Human chorionic gonadotropin (hCG) has been implicated in modifying Kaposi sarcoma lesions in HIV positive patients and in reducing HIV infection in human lymphocytes and human choriocarcinoma cells. These anti-HIV effects of hCG may contribute to the limited maternal to fetal transmission of HIV infection (25-35 per cent without treatment). However, it is unknown whether such high dosages of hCG have any effect on vertical transmission of HIV or on the infection of the human placenta with cell-free HIV. We have investigated in a dose dependent manner the effects of hCG on HIV-1 infection of human term placentae. Using commercially available hCG preparations, the ability to modify the infection of placental explants in vitro was examined. Sigma hCG and ICN beta-hCG (0.1, 1, 10 IU/ml) and APL hCG and Sigma and Serono recombinant hCG (0.1, 1, 10, 100 IU/ml) were added during 6 h of pre-incubation and the 4 days of culture (3 days following the 24 h exposure to HIV-1 Ba-L strain). Cell-free HIV infection of the placental explants was documented using DNA-PCR detection of Gag and LTR regions of HIV. Each experimental condition was repeated in different placentae (n=5) and each PCR amplification was performed in duplicate with each primer set (total=20). Our results demonstrate that there is a dose dependent inhibition of HIV-1 infection in the human placenta above the physiologic levels (0.2 IU/ml) of hCG produced during incubation. At the highest concentration used (100 IU/ml), 80 per cent inhibition of HIV infection was achieved with urinary extract hCG and about 50 per cent with recombinant hCG. beta-hCG alone appears to possess an efficacy equivalent to the complete hCG molecule. In this in vitro study, hCG demonstrates specific anti-HIV inhibitory properties that cannot be solely attributed to urinary contamination of the commercial preparations. Such inhibitory action of hCG may be present at varying levels throughout gestation based upon the circulating levels of hCG and its production by the placenta. Knowledge of the specific mechanisms underlying this inhibition is necessary before clinical applications can be considered.
[Show abstract][Hide abstract] ABSTRACT: Mononuclear phagocytes (MP; monocytes, tissue macrophages, and dendritic cells) are reservoirs, vehicles of dissemination, and targets for persistent HIV infection. However, not all MP population equally support viral growth. Such differential replication is typified by the greater ability of placental macrophages (PM), as compared to blood borne monocyte-derived macrophages (MDM), to restrict viral replication. Since cytosolic protein patterns can differentiate macrophage subtypes, we used a proteomics approach consisting of surface-enhanced laser desorption ionization time-of-flight (SELDI-TOF), tandem mass spectrometry, and Western blots to identify differences between the uninfected and HIV-infected PM and MDM protein profiles linked to viral growth. We performed proteome analysis of PM in the molecular range of 5-20kDa. We found that a SELDI-TOF protein peak with an m/z of 11,100, which was significantly lower in uninfected and HIV-infected PM than in MDM, was identified as cystatin B (CSTB). Studies of siRNA against CSTB treatment in MDM associated its expression with HIV replication. These data demonstrate that the low molecular weight placental macrophage cytosolic proteins are differentially expressed in HIV-infected PM and MDM and identify a potential role for CSTB in HIV replication. This work also serves to elucidate a mechanism by which the placenta protects the fetus from HIV transmission.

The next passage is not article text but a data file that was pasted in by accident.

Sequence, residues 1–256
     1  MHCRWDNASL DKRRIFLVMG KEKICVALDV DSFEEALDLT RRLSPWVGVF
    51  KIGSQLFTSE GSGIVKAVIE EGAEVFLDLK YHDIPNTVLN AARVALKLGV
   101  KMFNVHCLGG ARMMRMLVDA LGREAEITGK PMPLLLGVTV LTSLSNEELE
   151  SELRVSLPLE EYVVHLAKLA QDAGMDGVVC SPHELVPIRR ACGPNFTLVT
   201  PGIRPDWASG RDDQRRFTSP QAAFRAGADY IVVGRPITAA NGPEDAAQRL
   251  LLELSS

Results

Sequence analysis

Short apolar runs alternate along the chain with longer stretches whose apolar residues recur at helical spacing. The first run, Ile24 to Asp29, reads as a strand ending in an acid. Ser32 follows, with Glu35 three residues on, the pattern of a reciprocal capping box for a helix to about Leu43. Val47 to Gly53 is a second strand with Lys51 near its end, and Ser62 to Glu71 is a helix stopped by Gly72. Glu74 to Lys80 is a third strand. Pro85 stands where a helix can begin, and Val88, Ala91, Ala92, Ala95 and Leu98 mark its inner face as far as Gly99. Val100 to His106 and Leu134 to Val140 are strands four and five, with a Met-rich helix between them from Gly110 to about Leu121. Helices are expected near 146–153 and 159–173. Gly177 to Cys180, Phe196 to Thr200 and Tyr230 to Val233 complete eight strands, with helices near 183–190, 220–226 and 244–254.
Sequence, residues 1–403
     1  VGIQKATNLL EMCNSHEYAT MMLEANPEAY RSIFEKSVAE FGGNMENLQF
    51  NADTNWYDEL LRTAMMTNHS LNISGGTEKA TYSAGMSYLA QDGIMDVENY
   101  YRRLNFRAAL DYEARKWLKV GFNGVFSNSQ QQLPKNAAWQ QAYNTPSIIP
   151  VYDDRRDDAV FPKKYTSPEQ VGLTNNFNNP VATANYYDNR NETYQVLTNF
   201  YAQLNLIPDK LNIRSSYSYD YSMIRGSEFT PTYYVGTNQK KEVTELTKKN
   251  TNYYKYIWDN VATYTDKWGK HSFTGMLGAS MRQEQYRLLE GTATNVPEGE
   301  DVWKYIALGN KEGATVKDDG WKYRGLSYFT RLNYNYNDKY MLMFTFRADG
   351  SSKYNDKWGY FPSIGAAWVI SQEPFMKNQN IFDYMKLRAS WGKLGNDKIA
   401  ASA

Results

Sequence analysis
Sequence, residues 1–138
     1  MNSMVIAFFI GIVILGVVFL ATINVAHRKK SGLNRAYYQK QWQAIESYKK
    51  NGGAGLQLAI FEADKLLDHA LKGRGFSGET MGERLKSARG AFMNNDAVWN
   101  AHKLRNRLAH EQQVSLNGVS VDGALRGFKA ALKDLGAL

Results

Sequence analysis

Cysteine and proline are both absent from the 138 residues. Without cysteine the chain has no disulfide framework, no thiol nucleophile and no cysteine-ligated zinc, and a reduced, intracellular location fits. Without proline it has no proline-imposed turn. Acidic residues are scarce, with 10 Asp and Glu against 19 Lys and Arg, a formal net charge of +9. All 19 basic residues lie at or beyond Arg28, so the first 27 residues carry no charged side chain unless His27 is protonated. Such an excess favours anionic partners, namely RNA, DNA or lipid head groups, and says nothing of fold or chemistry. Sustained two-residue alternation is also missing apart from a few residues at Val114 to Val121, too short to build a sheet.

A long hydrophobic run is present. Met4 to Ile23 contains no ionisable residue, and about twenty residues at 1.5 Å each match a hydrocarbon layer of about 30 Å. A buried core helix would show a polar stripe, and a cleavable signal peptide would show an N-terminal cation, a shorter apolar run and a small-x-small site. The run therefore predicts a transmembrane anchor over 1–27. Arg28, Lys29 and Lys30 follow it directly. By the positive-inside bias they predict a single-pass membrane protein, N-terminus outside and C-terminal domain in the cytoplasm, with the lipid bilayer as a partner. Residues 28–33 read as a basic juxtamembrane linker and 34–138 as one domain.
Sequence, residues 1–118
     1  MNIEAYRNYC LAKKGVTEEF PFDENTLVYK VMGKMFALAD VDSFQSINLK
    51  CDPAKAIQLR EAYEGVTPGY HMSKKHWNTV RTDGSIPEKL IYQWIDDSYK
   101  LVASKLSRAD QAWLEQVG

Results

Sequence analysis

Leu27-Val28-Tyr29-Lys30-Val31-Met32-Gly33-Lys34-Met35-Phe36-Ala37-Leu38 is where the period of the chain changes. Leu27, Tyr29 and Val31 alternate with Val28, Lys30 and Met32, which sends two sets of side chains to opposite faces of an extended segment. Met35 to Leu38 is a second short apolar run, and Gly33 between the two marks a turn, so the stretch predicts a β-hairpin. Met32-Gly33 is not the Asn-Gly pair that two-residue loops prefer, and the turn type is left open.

"Three chorionic villi explants of 0.20 mg each, taken from the central part of cotyledons were employed for tissue culture (Fretes and Fabro, 1990a; Polliotti et al., 2002). Placental explants were washed with HanksÕs solution, pH 7.4, and afterward it was placed into a well of a 24-well plaque with 1. "
[Show abstract][Hide abstract] ABSTRACT: We hypothesize that a sustained infection of Trypanosoma cruzi into placental tissue might be diminished. Human placental chorionic villi and VERO cells as controls were co-cultured with T. cruzi. Parasites occupied 0.0137% at 3h, 0.0224% (24h), and 0.0572% (72 h) of the total chorionic villi area analyzed and some few placental samples were negative to parasite DNA, whereas 52% of VERO cells were infected at 3h and parasites occupied 0.57%, at 24h the parasite area was of 2.78% and at 72 h was of 3.32%. There were no live parasites in placenta-T. cruzi culture media at 72 h of co-culture. There were significantly increased dead parasites when T. cruzi was treated with unheated culture media coming from placental explants and fewer dead parasites when pre-heated culture media were employed. CONCLUSION: Low productive infection by T. cruzi into placental tissue associated with no viable parasites in the culture media partially due to placental thermo labile substances.
[Show abstract][Hide abstract] ABSTRACT: We briefly recall the architecture of the placenta and its unique function as both barrier and transport/exchange organ. We then take the example of mother to child transmission of HIV, and examine the mechanisms which are thought to account for both transmission and selection of viral variants from the mother to the fœtus.We finish by listing some of the most important virus which can cross the placenta. We conclude by stating that the placental barrier is unique, and insist on the importance of syncytiotrophoblast cells, and the limitation it poses on in vitro studies.
Revue FranÃ§aise des Laboratoires 05/2003; 2003(353). DOI:10.1016/S0338-9898(03)90003-5
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